Morning Coffee Feminism: Coffee and Salad

Husband and I are having lunch at a café, as we often do. We’ve brought laptops, but they’re still in our bags for now. We’ve ordered coffee, and food. The waitress trots over holding two coffees: a frothy cappucino, sprinkled with chocolate, and a long macchiato, dark and silky black with a thin ribbon of milk along the top.

She sets the long macchiato in front of Husband, and the cappucino in front of me.

Husband and I laugh, and swap. The waitress laughs, and apologises for the mistake.

This happens all the time. At every café we go to. I actually find it hilarious; the idea that a strong dark coffee is a manly drink and that adding froth and chocolate sprinkles to a drink somehow makes it more feminine, as though some strange chemistry of chromosomes, hormones, genitalia (or not?), and sexual identity affect one’s taste buds profoundly. The mysterious gender binary of coffee. You think it ends with the toy aisle in Target? With steel-toed boots and construction hats? With nursing and teacher biases? God, no. No, it’s so much worse than that. The patriarchy has taken our coffee, people. Rise the fuck up! Wave your flag of rebellion! SIEZE YOUR COFFEE OF PREFERENCE.

Yeah, as Rebel Yells go, that might not be one.

But read on.

The food comes out. For reasons described elsewhere, I generally eat keto. My gut, it appears, doesn’t absorb carbohydrate properly, and this leads to an abundance of upsetting symptoms.

The waitress (and due purely to the gender dynamics of the service industry, it’s usually a waitress, but waiters do exactly the same thing) comes out with two meals: a delightfully prepared lamb salad, and a plate heaped with scrambled eggs, bacon and – if we’re very lucky – haloumi.

She sets the lamb salad in front of me, and the pile of protein and fat in front of Husband.

Once again, we laugh, and swap.

Women eat salad. Men eat piles of protein and fat.

This happens all the time. It happens everywhere. And, again, I do find it kind of hilarious. Don’t think that I’m in any way saying it’s a huge deal.

But I am what I am, and I do like to unpack things, so let’s unpack this.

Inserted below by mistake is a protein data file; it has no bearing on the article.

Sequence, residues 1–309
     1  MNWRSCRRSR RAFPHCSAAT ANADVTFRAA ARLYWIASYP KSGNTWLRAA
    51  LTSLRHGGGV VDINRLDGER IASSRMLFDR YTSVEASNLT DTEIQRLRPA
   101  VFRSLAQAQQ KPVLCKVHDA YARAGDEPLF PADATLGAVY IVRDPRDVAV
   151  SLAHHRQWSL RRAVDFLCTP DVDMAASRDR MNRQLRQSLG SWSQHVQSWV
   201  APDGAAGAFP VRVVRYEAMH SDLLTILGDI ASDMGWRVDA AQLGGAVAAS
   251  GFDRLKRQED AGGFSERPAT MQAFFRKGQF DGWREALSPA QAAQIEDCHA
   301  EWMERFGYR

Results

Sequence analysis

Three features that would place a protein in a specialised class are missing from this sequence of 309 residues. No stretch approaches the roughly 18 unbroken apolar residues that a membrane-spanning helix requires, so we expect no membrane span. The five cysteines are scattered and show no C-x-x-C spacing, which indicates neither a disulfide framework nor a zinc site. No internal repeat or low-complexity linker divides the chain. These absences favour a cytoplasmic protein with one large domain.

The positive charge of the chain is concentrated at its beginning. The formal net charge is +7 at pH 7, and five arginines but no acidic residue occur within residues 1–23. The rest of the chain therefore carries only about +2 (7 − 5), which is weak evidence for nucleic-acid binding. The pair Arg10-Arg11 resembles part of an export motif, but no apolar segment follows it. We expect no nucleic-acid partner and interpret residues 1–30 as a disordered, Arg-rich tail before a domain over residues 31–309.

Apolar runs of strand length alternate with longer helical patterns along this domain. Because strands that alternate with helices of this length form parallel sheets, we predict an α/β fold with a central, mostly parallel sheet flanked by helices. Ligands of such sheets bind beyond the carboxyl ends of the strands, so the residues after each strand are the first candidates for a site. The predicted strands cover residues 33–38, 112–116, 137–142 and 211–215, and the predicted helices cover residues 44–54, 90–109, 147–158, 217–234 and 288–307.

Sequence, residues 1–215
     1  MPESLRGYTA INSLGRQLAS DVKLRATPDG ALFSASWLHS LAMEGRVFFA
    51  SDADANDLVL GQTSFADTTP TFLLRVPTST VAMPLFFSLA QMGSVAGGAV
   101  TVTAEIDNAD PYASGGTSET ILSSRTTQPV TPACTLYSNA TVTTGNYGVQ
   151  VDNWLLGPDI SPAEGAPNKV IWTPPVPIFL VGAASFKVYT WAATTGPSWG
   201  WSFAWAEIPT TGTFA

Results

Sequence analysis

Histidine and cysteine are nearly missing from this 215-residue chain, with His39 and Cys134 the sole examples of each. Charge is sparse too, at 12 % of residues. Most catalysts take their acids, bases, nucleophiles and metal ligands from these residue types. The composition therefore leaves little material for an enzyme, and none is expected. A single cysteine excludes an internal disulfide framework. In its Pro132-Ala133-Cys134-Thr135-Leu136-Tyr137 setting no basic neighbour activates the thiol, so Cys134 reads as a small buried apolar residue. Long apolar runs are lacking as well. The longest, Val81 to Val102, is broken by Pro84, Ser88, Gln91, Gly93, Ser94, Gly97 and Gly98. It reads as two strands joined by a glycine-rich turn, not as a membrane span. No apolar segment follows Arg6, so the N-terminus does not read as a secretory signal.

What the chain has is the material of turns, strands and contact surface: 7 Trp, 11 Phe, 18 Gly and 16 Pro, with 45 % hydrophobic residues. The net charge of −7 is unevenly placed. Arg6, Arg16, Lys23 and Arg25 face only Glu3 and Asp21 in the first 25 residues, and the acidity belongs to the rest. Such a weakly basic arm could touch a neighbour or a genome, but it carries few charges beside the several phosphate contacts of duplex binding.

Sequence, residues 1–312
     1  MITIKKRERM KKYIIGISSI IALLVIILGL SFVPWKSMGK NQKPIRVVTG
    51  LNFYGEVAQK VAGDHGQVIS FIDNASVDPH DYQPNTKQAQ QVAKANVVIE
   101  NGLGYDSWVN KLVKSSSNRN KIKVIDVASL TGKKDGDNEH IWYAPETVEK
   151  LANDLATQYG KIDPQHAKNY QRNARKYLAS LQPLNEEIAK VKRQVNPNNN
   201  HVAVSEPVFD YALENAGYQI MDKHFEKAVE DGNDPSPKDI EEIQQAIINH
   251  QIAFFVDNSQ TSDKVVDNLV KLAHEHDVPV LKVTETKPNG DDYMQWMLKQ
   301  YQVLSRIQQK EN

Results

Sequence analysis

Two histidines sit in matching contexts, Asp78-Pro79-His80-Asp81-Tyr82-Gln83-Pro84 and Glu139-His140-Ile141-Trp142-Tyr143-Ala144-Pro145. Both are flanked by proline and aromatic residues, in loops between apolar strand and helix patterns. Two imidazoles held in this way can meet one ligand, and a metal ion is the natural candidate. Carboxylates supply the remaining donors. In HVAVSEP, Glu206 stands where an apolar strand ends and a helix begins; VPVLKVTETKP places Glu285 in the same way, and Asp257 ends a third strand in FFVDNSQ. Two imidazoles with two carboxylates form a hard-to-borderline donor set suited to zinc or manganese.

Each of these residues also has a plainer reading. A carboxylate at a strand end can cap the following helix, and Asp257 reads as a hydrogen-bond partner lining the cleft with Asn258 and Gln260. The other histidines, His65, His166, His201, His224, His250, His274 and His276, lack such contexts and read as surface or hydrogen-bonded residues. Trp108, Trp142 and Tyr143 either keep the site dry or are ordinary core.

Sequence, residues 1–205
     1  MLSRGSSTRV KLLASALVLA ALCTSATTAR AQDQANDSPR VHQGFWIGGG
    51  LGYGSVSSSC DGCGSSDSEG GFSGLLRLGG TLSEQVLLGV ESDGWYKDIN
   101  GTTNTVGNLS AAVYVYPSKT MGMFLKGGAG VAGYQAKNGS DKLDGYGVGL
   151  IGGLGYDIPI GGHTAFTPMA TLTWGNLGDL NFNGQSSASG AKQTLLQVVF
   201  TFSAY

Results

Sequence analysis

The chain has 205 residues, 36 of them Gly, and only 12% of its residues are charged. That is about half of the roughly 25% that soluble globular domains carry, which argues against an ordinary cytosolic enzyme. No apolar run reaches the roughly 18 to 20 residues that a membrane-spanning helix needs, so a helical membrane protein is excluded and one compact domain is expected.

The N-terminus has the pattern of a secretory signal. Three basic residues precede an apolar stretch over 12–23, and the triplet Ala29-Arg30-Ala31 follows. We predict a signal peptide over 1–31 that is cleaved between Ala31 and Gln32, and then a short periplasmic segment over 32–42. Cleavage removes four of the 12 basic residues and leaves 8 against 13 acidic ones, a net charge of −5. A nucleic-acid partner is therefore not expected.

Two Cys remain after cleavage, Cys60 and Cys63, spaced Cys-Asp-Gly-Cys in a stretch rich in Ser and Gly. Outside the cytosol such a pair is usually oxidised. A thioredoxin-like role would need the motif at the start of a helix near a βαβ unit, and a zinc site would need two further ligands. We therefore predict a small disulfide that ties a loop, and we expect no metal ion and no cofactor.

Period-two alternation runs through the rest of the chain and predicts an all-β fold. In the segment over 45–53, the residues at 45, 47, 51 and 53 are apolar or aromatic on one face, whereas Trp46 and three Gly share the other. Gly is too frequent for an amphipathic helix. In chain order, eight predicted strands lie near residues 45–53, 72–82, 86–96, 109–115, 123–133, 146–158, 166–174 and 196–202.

A long macchiato is seen as a serious coffee. For people who take their coffee seriously. In the Melbourne hipster coffee culture, a long macchiato garners you respect! Not as much a short black or espresso, of course, but a bit of barista cred ends up in your folio.

By contrast, a cappucino is a frothy, frivolous sort of coffee. It’s had the taste altered enough that some people question whether you really like coffee at all.

Alright, that’s a stretch. It is actual dialogue that I’ve encountered, but it’s more funny than anything else.

Let’s get to the food, because that is the one that bothers me.

Here’s the stereotype:

Women eat salad. Women eat salad because they’re trying to be healthy, because women care more about their health. Or women eat salad because they’re trying to lose weight, or watch their weight, because all women are trying to lose weight. Or anxious about fat. And they won’t let that go even to go to a café for a fun lunch, which does make me wonder why they’re ordering cappucinos.

To be clear, in case my tone isn’t crystal: I do not in any way support this stereotype. I’m guessing that a lot of people, regardless of gender, order the salad because they like salad. Husband is a bit of a salad fan. He’s quite selective. He has all our local cafes carefully pegged as to whether he likes how they do salad or not. There’s good salad and boring salad and salad with quinoa (which, according to Husband, is The Devil). He’s not eating it because he’s trying to lose weight. He’s eating it because he likes salad. Also, he’s drunk some of my keto Kool-aid, and most salad tends to be pretty keto-friendly.

I, in fact, hate salad. I cannot eat salad. My sensory processing issues mean that any salad-like substances I attempt to ingest will return to the outside world in short order via the gag reflex.

The idea that I might voluntarily be eating a plate full of delicious protein and fat (and let us not forget that haloumi might be involved, if I am lucky)? It’s weird. It’s unexpected. It’s unfeminine. And it makes wait staff (at least, wait staff who are not familiar with me) blink and pause for a moment. Even if it is just me in the café and Husband is nowhere to be seen.

Here’s the flip stereotype:

Men don’t care about their health. Men eat artery-clogging delicious food because paying attention to their body state in any way other than pumping iron is somehow showing weakness; it’s soft; men don’t eat salad. Because no self-respecting man actually gives a crap.

This one feels a bit more complicated, probably because I’m on Fitocracy and I constantly see buff gym bros discussing nutritional planning and swapping meal prep tips, so maybe it’s more of a sub-type and a bit less universal. I have seen older men ordering the salad and crossing their arms over their chest and staring at me defiantly and talking about their health, as though daring me to criticise. Perhaps it’s generational. I certainly grew up with my dad mocking joggers and so on, but then, it was the 80s; that was fairly standard, as I recall.

Also, eggs and bacon don’t clog your arteries, and salads aren’t always the “healthy” choice, and it’s obviously a wee bit more complicated than that, but that’s an entirely different story to be told another time.

So what is all this?

This is ridiculous, that’s what it is. If anyone wants to pooh-pooh and say what a silly thing it is to get upset about, let me repeat again: I’m not particularly upset. In the actual moment, I do find it kind of funny. I don’t take offense or think anything less of wait staff for applying what is probably a perfectly reasonable Bayesian heuristic to their serving habits. It’s fine.